Professors of Natural Philosophy at the Universities of Aberdeen *

Rev Dr John Fleming DD FRSE  10th Jan 1785 - 18th Nov 1857

In his early twenties John Fleming was noted for his geological expertise and conducted a mineralogical survey of Orkney for Sir John Sinclair (author of The Statistical Account of Scotland) and he published in 1807 a mineralogical account of both the Orkney and Shetland Isles. In 1808 he secured a vacancy as a minister in the Shetlands in Bressay. Two years later he moved to a position in Fife where he acquired a reputation as one of the leading Scottish zoologists. In 1813 he married; in 1814 he was elected to the Royal Society of Edinburgh and awarded an Honorary DD by the University of St Andrews. In 1832 he moved again, this time to the parish of Clackmannan. He clearly combined talents in many fields with a restlessness. In 1834 he was appointed on the 31st of March as Professor of Natural Philosophy and Regent in place of William Paul. Even in this post he continued his interests in Geology and Natural History. He resigned his position on being appointed to the Chair of Natural Science at the Free Church College, Edinburgh, in 1845. A fuller account of his life can be found in the first edition of the Dictionary of National Biography, updated in the current version.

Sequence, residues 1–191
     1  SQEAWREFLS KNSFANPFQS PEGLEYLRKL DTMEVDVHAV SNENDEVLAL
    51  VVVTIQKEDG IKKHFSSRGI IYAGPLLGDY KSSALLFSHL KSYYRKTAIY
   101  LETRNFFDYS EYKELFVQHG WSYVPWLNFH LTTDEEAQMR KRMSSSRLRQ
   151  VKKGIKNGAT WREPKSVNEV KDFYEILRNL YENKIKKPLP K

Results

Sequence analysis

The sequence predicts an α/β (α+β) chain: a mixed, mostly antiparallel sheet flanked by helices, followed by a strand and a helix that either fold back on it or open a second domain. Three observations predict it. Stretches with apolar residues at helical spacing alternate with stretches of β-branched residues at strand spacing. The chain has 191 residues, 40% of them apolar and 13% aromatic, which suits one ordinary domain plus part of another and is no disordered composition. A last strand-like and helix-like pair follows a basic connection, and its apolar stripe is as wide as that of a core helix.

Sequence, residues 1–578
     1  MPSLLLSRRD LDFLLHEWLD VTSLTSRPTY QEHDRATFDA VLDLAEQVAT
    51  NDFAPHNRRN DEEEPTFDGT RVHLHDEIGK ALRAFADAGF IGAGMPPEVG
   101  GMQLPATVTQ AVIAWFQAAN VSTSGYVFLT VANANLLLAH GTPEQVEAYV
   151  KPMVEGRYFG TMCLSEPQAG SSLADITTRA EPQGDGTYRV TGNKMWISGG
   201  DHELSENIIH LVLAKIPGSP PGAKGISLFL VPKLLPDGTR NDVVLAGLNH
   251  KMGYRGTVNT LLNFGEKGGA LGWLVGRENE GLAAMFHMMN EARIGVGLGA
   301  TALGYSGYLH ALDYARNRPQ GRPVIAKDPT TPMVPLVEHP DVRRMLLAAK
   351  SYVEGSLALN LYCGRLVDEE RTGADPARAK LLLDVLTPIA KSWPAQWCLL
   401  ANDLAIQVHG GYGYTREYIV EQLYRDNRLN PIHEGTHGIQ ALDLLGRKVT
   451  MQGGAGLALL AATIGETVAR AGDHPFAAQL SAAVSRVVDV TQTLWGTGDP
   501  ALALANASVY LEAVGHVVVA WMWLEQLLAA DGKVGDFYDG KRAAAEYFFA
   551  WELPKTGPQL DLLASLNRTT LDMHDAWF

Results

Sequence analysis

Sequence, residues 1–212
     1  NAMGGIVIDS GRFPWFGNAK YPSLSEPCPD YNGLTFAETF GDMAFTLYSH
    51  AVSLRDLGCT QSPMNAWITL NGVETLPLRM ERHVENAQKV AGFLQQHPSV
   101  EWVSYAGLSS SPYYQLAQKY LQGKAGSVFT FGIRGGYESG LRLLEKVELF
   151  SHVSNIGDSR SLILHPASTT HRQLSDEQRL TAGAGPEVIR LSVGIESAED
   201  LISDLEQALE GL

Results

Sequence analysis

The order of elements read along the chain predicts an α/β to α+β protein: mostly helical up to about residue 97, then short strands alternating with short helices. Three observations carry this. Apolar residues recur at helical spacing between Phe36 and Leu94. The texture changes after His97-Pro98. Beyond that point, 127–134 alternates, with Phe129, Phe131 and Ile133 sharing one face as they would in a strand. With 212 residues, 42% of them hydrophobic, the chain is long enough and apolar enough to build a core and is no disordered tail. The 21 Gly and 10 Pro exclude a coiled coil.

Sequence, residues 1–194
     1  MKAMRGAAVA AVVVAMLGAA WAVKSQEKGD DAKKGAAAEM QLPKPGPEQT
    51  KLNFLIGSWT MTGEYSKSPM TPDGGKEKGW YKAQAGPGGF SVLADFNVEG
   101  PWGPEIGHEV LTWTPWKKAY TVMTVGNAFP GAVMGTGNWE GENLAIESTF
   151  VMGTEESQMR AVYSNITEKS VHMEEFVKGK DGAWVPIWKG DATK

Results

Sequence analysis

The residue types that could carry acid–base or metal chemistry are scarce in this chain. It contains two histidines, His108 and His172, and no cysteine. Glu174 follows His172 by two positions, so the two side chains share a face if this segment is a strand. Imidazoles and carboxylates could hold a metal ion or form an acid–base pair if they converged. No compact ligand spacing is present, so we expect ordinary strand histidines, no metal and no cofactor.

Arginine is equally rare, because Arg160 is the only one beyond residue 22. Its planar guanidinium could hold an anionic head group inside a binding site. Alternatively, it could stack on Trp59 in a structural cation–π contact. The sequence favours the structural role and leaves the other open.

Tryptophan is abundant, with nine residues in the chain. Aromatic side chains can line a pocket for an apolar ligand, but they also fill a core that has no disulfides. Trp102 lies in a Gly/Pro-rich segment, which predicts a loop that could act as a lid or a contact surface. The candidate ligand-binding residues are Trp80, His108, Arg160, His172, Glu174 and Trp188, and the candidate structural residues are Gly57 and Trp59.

A student in the late 1830s recalled William Walker, Dean of Aberdeen and Orkney, "Reminiscences Academical, Ecclesiastic and Scholastic; Aberdeen in the Nineteenth Century Thirties till now" [D. Wylie & Son., Aberdeen 1904]. that Dr John Fleming was the only Professor in those days who had more than a local reputation, and some of his works were not only well known and influential in the English speaking world, but were also translated into French and German. ... He would have been thoroughly at home in the Natural History Chair. This could hardly be said of his position in the Natural Philosophy Chair. He did not seem to be familiar with Mathematical demonstrations, and certainly he made very little use of them in his course. This was unlike his predecessor. The author does describe Fleming as earnest, painstaking and the best speaker amongst the professors of those times. He suggests that the College hadn't fully shaken off the ethos of the Regenting system when one could hire all-round men and expect them to learn up the subjects that they were less familiar with.

John Fleming

John Fleming


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John S. Reid

Dec. 2017